A systemic overreaction to years versus decades of warming in a subarctic grassland ecosystem

Tom W.N. Walker*, Ivan A. Janssens, James T. Weedon, Bjarni D. Sigurdsson, Andreas Richter, Josep Peñuelas, Niki I.W. Leblans, Michael Bahn, Mireia Bartrons, Cindy De Jonge, Lucia Fuchslueger, Albert Gargallo-Garriga, Gunnhildur E. Gunnarsdóttir, Sara Marañón-Jiménez, Edda S. Oddsdóttir, Ivika Ostonen, Christopher Poeplau, Judith Prommer, Dajana Radujković, Jordi SardansPáll Sigurðsson, Jennifer L. Soong, Sara Vicca, Håkan Wallander, Krassimira Ilieva-Makulec, Erik Verbruggen

*Corresponding author for this work

Research output: Contribution to JournalArticleAcademicpeer-review


Temperature governs most biotic processes, yet we know little about how warming affects whole ecosystems. Here we examined the responses of 128 components of a subarctic grassland to either 5–8 or >50 years of soil warming. Warming of >50 years drove the ecosystem to a new steady state possessing a distinct biotic composition and reduced species richness, biomass and soil organic matter. However, the warmed state was preceded by an overreaction to warming, which was related to organism physiology and was evident after 5–8 years. Ignoring this overreaction yielded errors of >100% for 83 variables when predicting their responses to a realistic warming scenario of 1 °C over 50 years, although some, including soil carbon content, remained stable after 5–8 years. This study challenges long-term ecosystem predictions made from short-term observations, and provides a framework for characterization of ecosystem responses to sustained climate change.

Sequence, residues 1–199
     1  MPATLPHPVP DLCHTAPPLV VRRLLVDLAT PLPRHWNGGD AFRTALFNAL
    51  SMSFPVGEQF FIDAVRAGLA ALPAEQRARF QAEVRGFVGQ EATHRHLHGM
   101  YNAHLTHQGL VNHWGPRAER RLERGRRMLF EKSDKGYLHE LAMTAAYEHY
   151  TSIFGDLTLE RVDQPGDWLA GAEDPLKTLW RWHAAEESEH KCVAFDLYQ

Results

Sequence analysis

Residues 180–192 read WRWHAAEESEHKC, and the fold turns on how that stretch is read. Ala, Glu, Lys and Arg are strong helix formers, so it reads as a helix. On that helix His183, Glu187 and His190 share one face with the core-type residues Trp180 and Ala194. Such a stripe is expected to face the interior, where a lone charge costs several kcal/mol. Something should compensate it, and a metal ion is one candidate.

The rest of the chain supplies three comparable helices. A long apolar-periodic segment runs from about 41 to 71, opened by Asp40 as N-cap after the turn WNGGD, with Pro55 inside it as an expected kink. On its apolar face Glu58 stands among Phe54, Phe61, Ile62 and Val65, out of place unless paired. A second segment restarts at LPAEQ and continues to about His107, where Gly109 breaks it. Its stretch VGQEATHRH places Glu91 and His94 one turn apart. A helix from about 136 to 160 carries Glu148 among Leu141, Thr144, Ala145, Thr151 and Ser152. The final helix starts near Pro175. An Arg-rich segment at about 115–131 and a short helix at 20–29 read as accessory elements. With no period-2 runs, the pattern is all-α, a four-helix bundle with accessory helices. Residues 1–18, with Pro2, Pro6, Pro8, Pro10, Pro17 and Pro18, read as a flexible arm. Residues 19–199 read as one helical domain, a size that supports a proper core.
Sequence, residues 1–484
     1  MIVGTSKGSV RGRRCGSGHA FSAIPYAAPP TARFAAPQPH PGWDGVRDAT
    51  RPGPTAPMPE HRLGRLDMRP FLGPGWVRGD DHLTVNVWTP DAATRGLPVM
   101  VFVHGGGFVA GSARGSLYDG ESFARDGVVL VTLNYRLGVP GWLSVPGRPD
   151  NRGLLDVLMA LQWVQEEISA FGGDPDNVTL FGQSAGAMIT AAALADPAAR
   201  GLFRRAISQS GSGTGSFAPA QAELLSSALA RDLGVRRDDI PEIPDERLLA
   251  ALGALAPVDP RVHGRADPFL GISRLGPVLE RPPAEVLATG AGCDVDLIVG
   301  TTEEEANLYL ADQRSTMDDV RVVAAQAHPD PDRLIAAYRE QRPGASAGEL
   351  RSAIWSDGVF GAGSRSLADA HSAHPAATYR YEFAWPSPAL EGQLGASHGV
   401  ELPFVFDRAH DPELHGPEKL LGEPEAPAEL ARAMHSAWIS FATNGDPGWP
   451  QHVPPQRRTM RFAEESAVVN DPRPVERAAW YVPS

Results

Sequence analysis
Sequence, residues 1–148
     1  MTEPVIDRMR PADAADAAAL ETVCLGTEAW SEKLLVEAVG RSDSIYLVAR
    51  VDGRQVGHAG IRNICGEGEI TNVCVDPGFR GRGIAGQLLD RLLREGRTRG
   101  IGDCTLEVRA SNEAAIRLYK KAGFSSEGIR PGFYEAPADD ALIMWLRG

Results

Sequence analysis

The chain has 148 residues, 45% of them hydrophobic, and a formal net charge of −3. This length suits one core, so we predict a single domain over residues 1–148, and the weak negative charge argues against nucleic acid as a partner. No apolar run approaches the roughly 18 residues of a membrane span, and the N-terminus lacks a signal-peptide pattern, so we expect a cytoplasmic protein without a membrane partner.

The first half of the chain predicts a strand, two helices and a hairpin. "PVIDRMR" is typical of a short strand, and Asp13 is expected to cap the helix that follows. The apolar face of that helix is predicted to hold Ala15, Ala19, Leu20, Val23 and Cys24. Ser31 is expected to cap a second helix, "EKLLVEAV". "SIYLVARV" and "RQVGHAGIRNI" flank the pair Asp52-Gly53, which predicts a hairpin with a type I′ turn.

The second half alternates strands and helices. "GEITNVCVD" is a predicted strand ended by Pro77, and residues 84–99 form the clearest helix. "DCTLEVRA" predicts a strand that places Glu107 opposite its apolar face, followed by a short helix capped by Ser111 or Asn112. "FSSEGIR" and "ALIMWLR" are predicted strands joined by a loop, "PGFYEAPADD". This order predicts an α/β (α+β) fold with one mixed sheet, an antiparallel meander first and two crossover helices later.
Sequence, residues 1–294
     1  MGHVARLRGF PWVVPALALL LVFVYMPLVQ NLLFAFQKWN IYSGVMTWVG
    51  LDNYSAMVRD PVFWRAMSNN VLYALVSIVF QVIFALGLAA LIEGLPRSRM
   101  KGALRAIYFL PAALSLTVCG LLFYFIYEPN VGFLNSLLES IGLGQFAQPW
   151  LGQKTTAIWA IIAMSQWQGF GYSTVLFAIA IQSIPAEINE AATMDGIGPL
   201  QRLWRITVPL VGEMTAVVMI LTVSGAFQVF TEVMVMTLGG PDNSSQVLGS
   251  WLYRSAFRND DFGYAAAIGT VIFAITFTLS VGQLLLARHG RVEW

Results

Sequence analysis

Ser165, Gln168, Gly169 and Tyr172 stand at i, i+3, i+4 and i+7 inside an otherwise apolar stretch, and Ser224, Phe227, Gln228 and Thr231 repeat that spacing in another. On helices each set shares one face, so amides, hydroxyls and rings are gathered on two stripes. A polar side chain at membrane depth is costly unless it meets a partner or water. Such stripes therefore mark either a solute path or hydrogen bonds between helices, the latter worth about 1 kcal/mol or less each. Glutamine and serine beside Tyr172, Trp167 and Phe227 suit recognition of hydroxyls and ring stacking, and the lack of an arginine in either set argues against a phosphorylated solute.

Original languageEnglish
Pages (from-to)101-108
Number of pages8
JournalNature Ecology and Evolution
Issue number1
Early online date9 Dec 2019
Publication statusPublished - Jan 2020


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